# At what approximate distance and what size should binary planets be for a day to be no more than 30-32 hours long?

For the story I'm trying to find a more or less plausible description of the planet.

Initially I was considering planet size like Mars or mid-size between Earth and Mars. Аnd this planet is in tidal lock. The living conditions are more or less close to those on Earth. (Magnetic field, atmosphere, etc. - I was guided by the conditions as they describe the hypothetical terraforming of Mars).

So I was thinking about the habitable planet in a situation like Pluto and Charon or, perhaps, the planet is actually a satellite of a major planet so is technically a habitable moon.

At what distance should the second celestial body be and what size for length of day on the planet no more than 30-32 hours? Or is this basically impossible? (As far as I understand, in the situation with Pluto and Charon, this would be too long a day for life like that on earth)

Is it possible that with such a day length, the second celestial body could be small enough (not a gas giant, but a rocky planet) for both planets to be tidally locked, as in the Pluto example above?

Very strict accuracy of calculations is not important. I'll be grateful if you could suggast at least a plausible example.

• Please edit the question to limit it to a specific problem with enough detail to identify an adequate answer.
– Community Bot
Commented Jan 15 at 7:07
• Please ask 1 question per post. And check the content: it looks like you duplicated most of the text.
– L.Dutch
Commented Jan 15 at 7:09
• Also, planets do not typically tidally lock other planets. Tidal locking only occurs between a primary and its satellite, i.e. a star and planet or a planet and moon. Commented Jan 15 at 7:10
• What about Pluto and Charon? Perhaps I do not fully understand the correct terminology, but I am talking approximately about this case. Thank you for pointing out that there was a technical error and the text was duplicated. Commented Jan 15 at 7:18

Using the formula:

$$T_{binary} =2π\sqrt{\frac{a^3}{G(M_1+M_2)}}$$

where:

For $$M_1 = 1M_{Earth}$$, $$M_2 = 0.5M_{Earth}$$ and Time = 31 hours

this calculator returns a semi-major axis of 57,349km.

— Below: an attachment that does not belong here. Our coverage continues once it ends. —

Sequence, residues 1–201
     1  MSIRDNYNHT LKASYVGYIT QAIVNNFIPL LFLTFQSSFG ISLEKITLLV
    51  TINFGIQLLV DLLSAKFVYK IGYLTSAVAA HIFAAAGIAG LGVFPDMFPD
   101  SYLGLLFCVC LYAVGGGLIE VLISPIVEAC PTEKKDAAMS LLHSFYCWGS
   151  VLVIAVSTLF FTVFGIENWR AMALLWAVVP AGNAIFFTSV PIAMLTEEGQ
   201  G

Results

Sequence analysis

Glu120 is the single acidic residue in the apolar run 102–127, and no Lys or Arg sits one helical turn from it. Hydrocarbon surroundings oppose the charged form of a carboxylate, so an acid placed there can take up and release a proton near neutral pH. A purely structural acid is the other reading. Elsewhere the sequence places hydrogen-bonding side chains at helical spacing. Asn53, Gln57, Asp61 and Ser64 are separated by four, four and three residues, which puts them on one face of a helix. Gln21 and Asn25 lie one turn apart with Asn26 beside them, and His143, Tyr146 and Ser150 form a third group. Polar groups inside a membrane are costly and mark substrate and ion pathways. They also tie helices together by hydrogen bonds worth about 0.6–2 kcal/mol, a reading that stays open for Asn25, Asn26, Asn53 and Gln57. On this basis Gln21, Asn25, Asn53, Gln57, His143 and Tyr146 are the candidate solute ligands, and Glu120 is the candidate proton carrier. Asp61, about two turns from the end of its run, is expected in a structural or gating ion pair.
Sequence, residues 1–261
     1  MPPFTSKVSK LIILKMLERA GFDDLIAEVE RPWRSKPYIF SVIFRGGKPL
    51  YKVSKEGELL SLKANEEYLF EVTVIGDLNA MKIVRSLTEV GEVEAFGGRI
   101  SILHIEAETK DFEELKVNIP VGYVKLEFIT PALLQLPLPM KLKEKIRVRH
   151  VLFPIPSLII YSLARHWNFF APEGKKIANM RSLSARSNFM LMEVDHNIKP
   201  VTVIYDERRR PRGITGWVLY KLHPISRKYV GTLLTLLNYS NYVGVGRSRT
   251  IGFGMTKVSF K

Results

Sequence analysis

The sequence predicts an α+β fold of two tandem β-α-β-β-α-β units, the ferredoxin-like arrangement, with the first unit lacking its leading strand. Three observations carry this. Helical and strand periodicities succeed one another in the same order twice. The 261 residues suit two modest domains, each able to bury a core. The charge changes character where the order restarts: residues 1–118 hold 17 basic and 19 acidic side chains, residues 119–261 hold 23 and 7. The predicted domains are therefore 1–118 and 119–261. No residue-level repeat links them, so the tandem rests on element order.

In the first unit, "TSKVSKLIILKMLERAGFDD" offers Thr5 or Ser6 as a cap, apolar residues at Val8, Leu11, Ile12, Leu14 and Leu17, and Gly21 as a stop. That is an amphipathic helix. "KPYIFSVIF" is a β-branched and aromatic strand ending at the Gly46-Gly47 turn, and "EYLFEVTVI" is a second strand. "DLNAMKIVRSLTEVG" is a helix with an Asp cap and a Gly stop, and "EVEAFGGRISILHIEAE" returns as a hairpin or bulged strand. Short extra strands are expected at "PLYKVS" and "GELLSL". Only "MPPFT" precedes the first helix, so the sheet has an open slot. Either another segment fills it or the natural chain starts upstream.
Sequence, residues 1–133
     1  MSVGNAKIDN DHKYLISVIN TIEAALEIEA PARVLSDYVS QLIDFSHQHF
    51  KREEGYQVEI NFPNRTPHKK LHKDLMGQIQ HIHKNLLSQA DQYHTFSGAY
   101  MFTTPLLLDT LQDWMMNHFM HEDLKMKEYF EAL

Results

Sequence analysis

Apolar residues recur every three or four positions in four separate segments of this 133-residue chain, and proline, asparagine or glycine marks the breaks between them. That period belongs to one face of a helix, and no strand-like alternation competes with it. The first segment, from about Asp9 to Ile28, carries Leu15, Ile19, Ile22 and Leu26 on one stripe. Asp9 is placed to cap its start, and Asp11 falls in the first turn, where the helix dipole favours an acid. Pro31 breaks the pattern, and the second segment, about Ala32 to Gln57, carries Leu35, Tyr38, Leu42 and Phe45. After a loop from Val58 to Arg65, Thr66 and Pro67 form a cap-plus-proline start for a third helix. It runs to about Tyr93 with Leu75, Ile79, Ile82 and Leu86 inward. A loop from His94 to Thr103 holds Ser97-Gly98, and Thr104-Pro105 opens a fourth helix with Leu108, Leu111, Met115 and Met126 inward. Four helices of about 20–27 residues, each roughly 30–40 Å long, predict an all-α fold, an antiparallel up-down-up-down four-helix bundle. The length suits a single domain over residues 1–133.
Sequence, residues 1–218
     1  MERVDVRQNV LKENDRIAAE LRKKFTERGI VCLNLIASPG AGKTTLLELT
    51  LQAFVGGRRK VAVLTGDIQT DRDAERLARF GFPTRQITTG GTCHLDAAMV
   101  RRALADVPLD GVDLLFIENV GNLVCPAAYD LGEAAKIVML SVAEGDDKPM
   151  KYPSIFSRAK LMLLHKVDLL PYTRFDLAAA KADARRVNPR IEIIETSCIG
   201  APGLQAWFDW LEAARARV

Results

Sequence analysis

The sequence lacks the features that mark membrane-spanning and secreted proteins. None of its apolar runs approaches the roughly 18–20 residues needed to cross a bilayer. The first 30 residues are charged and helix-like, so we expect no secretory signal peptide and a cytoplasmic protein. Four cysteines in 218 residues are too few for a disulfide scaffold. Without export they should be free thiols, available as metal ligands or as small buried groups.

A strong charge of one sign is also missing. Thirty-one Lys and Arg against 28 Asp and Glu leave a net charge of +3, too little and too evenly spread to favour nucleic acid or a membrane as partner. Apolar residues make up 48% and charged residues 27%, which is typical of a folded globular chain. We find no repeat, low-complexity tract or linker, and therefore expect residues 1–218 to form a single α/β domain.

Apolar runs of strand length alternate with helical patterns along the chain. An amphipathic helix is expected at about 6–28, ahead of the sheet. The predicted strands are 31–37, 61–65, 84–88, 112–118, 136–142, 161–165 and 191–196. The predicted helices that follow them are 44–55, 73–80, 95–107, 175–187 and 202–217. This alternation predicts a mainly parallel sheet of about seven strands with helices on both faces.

As to tidal locking, this is an imprecise calculation, which can be approximated by the following formula (because I can't be bothered using the more complicated formula on the linked Wikipedia page):

$$t_{lock}\approx 6\frac{a^6R\mu}{m_s m_p^2}\times 10^{10}\mathrm{years}$$

Where:

• $$m_s$$ is the satellite mass,
• $$m_p$$ is the planetary mass,
• $$R$$ is the mean radius of the satellite,
• $$\mu$$ is newtons per square metre, roughly $$3\times10^{10}Nm^{-2}$$ for rocky objects or $$4\times10^9Nm^{-2}$$ for icy objects.

Using

• $$m_s$$ = $$2.986\times10^{27}$$kg,
• $$m_p$$ = $$5.972\times10^{27}$$kg,
• $$R$$ = $$5056670$$ m (the radius of a world with half the volume of earth),
• $$a$$ = $$57349000$$ m (from the earlier calculation)

we get $$3\times10^{-8}$$ years.

This is an approximation, of course, but the low value suggests that the two bodies would become tidally locked very quickly.

• Thank you! That is, theoretically, at this distance the larger celestial body could be a rocky planet and both would be tidally locked. Commented Jan 15 at 9:48
• Thanks for the link, I tried to use the calculator myself, it showed 53238 km. But I probably haven’t fully figured it out. Commented Jan 15 at 9:59
• Can you define μ more explicitly? It has the units of pressure, but it's not obvious why. Commented Jan 16 at 20:44
• @AntonSherwood I believe that μ is there because of the torque applied to surface protrusions. Read the linked Wikipedia article on Tidal Locking... Commented Jan 17 at 3:12